struct i{int c;int d;int v;i*n;}b[L][K]={0},*h,*t;float m=0;int main(){FILE*f=fopen("d","r+b");int x,y,d=0;W(y,L)W(x,K)b[y][x].c=F<<16|F<<8|F;}}rewind(f);x=165,y=155;h=M;h->c=x;h->d=y;b[y][x].d=d;t=h;while(h){i*p=b[h->d]+h->c;if(p->v)h=h->n;else{p->v=1;x=h->c;y=h->d;d=p->d;m=d>m?d:m;a(x>0,x-1,y)a(x<K-1,x+1,y)a(y>0,x,y-1)a(y<L-1,x,y+1)}}W(y,L)W(x,K)i p=b[y][x];unsigned char n=-1,h=p.d/(m/n),R=h%43*6,Q=n*(n-(n*R>>8))>>8,t=n*(n-(n*(n-R)>>8))>>8,r,g,b;switch(h/43){A(0,n,t,0)A(1,Q,n,0)A(2,0,n,t)A(3,0,Q,n)A(4,t,0,n)A(5,n,0,Q)}d=h?r|g<<8|b<<16:p.c?-1:0;fwrite(&d,1,3,f);}}}
  • Input: RGB data file (contained in file: d)
  • Output: RGBA RGB data file (outputted in file: d)
  • Example: convert -depth 8 -size "400x400" test.png d.rgb && mv -f d.rgb d && g++ -o test main.c && ./test
  • NOTE: the image size and start are controlled at a source level, if this is an issue add 50 bytes or something -- I just didn't care to change it to be honest.

Not exactly a direct "ungolf" but this was a C prototype I mocked up first:

#include "stdio.h"
#include "stdlib.h"

struct i{
    unsigned int c;
    int d;
    int v;
}b[400][400]={0};

typedef struct q{
    int x;
    int y;
    struct q *n;
}q;
q *qu;
q *t;
float m=0;
int get_dist(int x, int y)
{
    int d = 0;

}

void flood(int x,int y,int d){
    qu=malloc(sizeof(q));
    qu->x=x;qu->y=y;b[y][x].d=d;
    t=qu;
    while(qu){
        struct i *p = &b[qu->y][qu->x];
        if(p->v){qu=qu->n; continue;}
        p->v=1;x=qu->x;y=qu->y;d=p->d;
        #define a(C,X,Y) if(C&&b[Y][X].c){t->n=malloc(sizeof(q));t=t->n;b[Y][X].d=d+1;t->n=0;t->x=X;t->y=Y;}
        a(x>0,x-1,y);
        a(x<399,x+1,y);
        a(y>0,x,y-1);
        a(y<399,x,y+1);
        m=p->d>m?p->d:m;
    }
}

unsigned int C(int h)
{
    int r=0,g=0,b=0;
    int s=255,v=255;
    unsigned char R, qq, t;

    R = h%43*6; 

    qq = (v * (255 - ((s * R) >> 8))) >> 8;
    t = (v * (255 - ((s * (255 - R)) >> 8))) >> 8;

    switch (h / 43){
        case 0: r = v; g = t; break;
        case 1: r = qq; g = v; break;
        case 2: g = v; b = t; break;
        case 3: g = qq; b = v; break;
        case 4: r = t; b = v; break;
        case 5: r = v; b = qq; break;
    }

    return r|(g<<8)|(b<<16)|255<<24;
}

#define F fgetc(f)
int main()
{
    FILE *f=fopen("d", "r+b");
    for(int y=0; y<400; y++){
        for(int x=0; x<400; x++){
            b[y][x].c = (F<<24)|(F<<16)|(F<<8);
        }
    }
    rewind(f);
    flood(165,155,1);
    m/=255.f;
    for(int y=0; y<400; y++){
        for(int x=0; x<400; x++){
            struct i p = b[y][x];
            unsigned int h = C(p.d/m);
            int o = p.c?-1:255<<24;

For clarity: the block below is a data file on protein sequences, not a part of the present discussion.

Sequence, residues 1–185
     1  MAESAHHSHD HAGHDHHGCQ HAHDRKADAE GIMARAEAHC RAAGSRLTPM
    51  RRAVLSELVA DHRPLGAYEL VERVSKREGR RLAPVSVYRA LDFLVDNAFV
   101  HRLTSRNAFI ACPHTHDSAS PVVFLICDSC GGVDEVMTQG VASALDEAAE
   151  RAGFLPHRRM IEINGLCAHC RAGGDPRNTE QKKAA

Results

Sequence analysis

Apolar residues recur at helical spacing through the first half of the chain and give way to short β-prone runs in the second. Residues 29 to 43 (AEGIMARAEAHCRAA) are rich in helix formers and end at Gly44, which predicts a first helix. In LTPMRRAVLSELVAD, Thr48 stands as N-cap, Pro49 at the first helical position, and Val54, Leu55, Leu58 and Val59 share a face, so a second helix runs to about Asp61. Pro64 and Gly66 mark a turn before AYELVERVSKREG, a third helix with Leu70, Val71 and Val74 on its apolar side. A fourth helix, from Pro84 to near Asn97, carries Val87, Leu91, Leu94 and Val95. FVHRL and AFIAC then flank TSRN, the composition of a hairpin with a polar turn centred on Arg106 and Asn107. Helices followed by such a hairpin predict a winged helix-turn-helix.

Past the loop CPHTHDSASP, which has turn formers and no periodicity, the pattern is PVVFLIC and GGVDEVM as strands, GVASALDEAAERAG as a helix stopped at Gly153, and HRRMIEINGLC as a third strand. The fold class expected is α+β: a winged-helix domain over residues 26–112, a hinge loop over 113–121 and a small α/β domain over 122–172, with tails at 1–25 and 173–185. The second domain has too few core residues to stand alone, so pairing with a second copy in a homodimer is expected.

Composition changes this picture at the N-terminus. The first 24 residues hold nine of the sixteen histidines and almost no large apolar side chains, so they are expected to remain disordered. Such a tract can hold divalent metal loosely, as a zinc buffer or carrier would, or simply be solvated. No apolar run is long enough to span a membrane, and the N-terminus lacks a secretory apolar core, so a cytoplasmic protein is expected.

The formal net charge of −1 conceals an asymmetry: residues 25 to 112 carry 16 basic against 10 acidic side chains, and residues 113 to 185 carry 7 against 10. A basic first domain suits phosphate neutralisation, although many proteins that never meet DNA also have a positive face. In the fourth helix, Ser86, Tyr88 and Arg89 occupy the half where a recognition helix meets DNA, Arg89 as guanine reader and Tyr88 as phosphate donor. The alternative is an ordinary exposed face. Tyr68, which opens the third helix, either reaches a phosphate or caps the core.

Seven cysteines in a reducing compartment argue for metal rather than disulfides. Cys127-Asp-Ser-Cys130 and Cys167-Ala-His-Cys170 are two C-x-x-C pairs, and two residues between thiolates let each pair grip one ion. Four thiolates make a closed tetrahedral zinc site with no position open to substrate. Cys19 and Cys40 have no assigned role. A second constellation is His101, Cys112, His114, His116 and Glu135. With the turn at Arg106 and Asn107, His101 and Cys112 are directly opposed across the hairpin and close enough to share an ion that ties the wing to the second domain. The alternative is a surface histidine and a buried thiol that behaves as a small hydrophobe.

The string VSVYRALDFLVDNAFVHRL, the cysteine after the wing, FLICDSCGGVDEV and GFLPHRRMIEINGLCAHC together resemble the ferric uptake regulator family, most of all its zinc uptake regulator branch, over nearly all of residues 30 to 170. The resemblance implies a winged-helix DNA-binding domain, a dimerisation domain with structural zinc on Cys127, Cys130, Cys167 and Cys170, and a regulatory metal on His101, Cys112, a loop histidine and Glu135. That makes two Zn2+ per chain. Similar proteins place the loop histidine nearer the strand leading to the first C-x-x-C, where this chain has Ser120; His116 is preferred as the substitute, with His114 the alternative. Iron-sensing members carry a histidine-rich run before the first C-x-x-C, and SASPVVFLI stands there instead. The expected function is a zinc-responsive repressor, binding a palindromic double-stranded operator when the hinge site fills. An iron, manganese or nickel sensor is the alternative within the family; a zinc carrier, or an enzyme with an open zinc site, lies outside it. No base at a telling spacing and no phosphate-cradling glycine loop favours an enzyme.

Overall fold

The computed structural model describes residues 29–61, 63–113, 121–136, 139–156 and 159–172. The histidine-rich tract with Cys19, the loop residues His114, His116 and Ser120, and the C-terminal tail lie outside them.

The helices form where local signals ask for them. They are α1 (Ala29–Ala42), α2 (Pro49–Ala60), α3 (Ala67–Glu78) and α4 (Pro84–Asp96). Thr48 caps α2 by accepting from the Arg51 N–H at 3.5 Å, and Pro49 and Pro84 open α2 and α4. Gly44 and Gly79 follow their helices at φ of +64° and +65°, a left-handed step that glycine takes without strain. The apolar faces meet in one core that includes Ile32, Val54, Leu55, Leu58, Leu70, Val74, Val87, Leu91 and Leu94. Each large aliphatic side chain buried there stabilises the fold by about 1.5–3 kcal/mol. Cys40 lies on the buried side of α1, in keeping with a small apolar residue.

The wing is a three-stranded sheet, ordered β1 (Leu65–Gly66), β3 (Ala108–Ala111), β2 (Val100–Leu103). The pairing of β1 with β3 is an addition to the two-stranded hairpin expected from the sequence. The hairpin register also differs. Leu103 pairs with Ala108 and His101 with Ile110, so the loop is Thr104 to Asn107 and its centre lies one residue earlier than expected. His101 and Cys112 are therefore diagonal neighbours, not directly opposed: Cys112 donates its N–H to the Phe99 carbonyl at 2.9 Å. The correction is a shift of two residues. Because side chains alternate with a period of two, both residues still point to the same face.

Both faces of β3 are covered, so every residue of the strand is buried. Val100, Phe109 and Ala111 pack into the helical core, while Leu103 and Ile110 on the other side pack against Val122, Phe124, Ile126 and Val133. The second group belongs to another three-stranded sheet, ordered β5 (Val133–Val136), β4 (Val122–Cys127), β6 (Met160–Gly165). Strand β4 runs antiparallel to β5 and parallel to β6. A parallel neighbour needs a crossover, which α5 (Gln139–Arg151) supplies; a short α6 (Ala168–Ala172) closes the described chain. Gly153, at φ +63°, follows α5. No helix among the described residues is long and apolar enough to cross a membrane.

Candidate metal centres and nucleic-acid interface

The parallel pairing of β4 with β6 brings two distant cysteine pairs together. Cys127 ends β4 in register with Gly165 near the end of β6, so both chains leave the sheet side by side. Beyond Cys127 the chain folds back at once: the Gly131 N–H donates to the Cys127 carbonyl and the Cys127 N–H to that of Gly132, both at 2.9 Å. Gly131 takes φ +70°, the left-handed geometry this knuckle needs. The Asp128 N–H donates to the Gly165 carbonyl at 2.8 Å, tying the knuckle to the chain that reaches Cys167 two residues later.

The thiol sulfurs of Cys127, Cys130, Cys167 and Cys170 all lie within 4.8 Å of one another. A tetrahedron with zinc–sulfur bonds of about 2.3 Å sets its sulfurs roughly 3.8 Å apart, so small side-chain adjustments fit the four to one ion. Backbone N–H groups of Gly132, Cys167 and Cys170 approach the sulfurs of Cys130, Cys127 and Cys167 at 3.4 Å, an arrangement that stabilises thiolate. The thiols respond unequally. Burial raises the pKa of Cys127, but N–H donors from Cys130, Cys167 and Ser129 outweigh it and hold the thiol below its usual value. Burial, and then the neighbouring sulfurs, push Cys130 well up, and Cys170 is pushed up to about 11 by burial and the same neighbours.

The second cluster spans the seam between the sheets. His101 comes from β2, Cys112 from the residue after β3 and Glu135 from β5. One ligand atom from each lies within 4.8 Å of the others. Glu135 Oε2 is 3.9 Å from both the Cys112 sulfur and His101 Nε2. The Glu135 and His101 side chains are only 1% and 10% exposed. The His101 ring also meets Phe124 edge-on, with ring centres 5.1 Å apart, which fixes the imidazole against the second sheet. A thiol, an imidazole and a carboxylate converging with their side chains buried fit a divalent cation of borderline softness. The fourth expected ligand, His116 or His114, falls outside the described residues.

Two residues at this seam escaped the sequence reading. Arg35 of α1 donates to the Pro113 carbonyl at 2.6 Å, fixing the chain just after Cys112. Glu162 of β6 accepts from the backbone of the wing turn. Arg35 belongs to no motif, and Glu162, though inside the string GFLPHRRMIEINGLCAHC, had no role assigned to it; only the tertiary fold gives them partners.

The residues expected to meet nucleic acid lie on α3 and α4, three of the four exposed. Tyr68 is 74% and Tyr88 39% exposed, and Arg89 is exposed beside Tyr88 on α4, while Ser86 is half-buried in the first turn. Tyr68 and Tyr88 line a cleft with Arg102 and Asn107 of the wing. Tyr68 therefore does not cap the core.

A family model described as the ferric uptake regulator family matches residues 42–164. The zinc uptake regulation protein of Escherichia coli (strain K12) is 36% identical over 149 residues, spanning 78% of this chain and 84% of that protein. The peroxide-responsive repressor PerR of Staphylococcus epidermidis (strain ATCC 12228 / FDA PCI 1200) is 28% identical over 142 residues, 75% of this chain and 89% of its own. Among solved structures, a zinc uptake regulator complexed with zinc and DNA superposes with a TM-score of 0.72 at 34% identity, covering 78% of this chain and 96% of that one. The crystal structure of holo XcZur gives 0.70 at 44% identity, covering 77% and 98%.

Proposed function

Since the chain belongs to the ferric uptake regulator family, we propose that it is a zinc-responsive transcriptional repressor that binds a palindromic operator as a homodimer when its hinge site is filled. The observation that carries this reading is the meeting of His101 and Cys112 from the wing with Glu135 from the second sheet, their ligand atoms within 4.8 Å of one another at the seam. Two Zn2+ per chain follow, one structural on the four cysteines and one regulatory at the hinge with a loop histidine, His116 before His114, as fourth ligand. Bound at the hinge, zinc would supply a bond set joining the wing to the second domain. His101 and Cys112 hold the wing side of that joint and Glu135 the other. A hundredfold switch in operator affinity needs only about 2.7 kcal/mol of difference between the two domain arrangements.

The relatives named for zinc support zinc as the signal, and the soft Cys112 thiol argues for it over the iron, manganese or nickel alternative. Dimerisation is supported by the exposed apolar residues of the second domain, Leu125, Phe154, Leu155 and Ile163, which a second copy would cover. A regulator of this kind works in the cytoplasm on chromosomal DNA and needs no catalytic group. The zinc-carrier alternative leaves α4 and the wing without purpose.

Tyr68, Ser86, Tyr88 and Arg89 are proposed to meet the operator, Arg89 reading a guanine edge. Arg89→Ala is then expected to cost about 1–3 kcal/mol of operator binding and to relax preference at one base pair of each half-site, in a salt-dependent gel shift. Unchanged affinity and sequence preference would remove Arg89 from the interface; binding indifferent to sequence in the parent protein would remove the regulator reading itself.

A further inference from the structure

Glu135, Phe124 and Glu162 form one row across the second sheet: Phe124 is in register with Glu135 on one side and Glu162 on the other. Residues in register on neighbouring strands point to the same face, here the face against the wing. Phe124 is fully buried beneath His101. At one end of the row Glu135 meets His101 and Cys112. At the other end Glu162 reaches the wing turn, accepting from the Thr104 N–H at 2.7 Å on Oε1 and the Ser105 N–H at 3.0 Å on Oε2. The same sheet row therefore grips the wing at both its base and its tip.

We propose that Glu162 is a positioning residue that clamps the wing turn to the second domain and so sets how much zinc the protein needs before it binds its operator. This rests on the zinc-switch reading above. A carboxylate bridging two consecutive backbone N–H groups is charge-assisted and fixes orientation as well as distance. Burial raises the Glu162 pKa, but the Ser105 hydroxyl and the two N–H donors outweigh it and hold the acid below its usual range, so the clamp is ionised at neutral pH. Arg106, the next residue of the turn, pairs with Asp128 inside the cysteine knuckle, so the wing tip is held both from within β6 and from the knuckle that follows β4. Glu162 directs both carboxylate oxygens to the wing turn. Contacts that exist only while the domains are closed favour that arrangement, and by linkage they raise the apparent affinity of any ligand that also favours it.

if(p.d)fwrite(&h,4,1,f);
            else fwrite(&o,4,1,f);
        }
    }
}

Many concepts remain similar, but there are certainly a myriad of tiny changes. To compile that as C you do need to use C11 (C99 will probably work but I only strictly tested in C11).
I quite enjoyed this challenge, thanks for giving me the idea to try something new :).
Edit: Golf'd a bit better.
Edit2: Merged two structs so my pixel struct and queue are the same, bit more macro abuse, and reflowed uses of 255 such that it can be defined as -1 when defining a series of unsigned chars, and lastly removed a function call.
Edit3: Reused a few more variables, operator precedence tweaks, and output converted to RGB saving the alpha channel
Edit4: I think I am done with this now, some pointer arithmetic changes and slight control flow tweaks.

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0
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Python 3 and matplotlib, 251 bytes

from pylab import*
def f(i,p):
    h,w,_=i.shape;o=full((h,w),inf);q=[p+(0,)]
    while q:
        x,y,d=q.pop(0)
        if w>x>=0and h>y>=0and i[y,x,0]:o[y,x]=d;i[y,x]=0;d+=1;q+=[(x-1,y,d),(x+1,y,d),(x,y-1,d),(x,y+1,d)]
    imshow(i);imshow(o,'hsv')

The input is an MxNx3 numpy array as returned by matplotlib's imshow() function. The input is modified by the function so it should be copied beforehand. It displays the image automatically if matplotlib is in "interactive" mode; otherwise a call to show() should be added for another 7 bytes.

The output is created by first displaying the original image and then displaying the rainbow image overtop of it. Matplotlib conveniently treats inf and nan as transparent so the black and white image shows through.